Don't Worry, He Won't Get Far on Foot
Van Sant the screenwriter does a disservice to the material by constantly chopping up narrative strands into bite-size chunks and later circling back to key…
Thomas Vinterberg's "Dear Wendy" is a tedious exercise in style, intended as a meditation on guns and violence in America but more of a meditation on itself, the kind of meditation that invites the mind to stray. Mine strayed to the fact that the screenplay is by Vinterberg's Danish mentor Lars von Trier, and the movie, although filmed on three-dimensional sets, feels as artificial and staged as Von Trier's "Dogville" (2003). Once again, a small group of people inhabit a small space, can all see each other out the window and live in each other's pockets.
The movie is set in Electric Park, a set in which two rows of buildings face each other and a third row supplies the end of the street. Towering overhead is the elevator for the mine shaft; the locals were mostly miners, but the mines are nearly played out. Dick (Jamie Bell), the orphaned son of a miner, lives with his protective black housekeeper, Clarabelle (Novella Nelson), and his life lacks purpose until he goes into a store to buy a toy gun.
The weapon, as it happens, is real. Dick is a pacifist but falls in love with the gun, which he names Wendy. Much of the movie consists of a letter he writes to Wendy, about how he loved her and lost her, and how everything went wrong. He descends into an abandoned mine for target practice, finds he has a psychic bond with Wendy (he can hit a bull's-eye blindfolded) and soon enlists other people his age into a secret society named the Dandies.
They meet in the mine, which they redecorate as the "Temple," and begin to dress in oddments of haberdashery, like fools or clowns. They have the obligatory unlimited supply of candles. They take a vow of non-violence. Then Clarabelle's grandson Sebastian (Danso Gordon) appears on the scene, fresh from jail. The local sheriff (Bill Pullman) suggests that Dick "could be like Sebastian's friend, and keep an eye on him."
Sebastian is black because he is Clarabelle's grandson, of course, but also because as the only young black man in the play, he is made into the catalyst for violence. This is the Vinterberg/Von Trier version of insight into America, roughly as profound as the scene in "Dirty Love" where Carmen Electra holds a gun to a man's head simply because she likes to act black and thinks that will help. To call such reasoning racist is tempting, and yet I suspect in both movies the real reasons for it are stupidity and cluelessness.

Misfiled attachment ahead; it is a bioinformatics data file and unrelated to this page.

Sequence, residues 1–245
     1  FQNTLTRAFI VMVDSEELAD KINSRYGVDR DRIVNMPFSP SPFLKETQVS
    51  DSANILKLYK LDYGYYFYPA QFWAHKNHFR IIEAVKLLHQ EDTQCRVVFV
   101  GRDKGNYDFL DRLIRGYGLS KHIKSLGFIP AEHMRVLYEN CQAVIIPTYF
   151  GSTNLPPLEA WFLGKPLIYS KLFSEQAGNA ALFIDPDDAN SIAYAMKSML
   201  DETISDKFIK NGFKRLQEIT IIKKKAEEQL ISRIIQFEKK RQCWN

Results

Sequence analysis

Right away there is trouble. A romantic triangle forms, as Sebastian holds Wendy tenderly and Dick gets jealous. Sebastian helpfully supplies all of the Dandies with guns, and then a challenge emerges: Clarabelle visits her granddaughter at the end of the street every year and has become afraid to leave the house. The Dandies devise an ingenious scheme to protect her from danger during her one-block walk, despite the fact the town seems to contain no danger. I am reminded of a guy I knew who said he carried a gun because he lived in a dangerous neighborhood, and another guy told him, "It would be a lot safer if you moved."
What happens during Clarabelle's progress down the street I will leave for you to experience if you are unwise enough to see the film. As the Dandies plan their operation, Dick draws a diagram of the town that looks uncannily like an aerial view of the chalk outlines on a sound stage floor that Von Trier used to create Dogville. Odd, that the Dogma movement from Denmark, which originally seemed to call for the use of actual locations exactly as they were, has become more stylized and artificial than German Expressionism.
It is true that America has problems, and that many of them are caused by a culture of guns and violence. It is also true that a movie like David Cronenberg's "A History of Violence" (or I could name countless others) is wiser and more useful on the subject than the dim conceit of "Dear Wendy." Apart from what the movie says, which is shallow and questionable, there is the problem of how it says it. The style is so labored and obvious that with all the goodwill in the world you cannot care what happens next. It is all just going through the motions, silly and pointless motions, with no depth, humor, edge or timing. Vinterberg has made wonderful films like "The Celebration" (1998), filled with life and emotion. Here he seems drained of energy, plodding listlessly on the treadmill of style, racking up minutes on the clock but not getting anywhere.
This message came to me from a reader named Peter Svensland. He and a fr...
An interview with Terry Gilliam, director of "The Man Who Killed Don Quixote."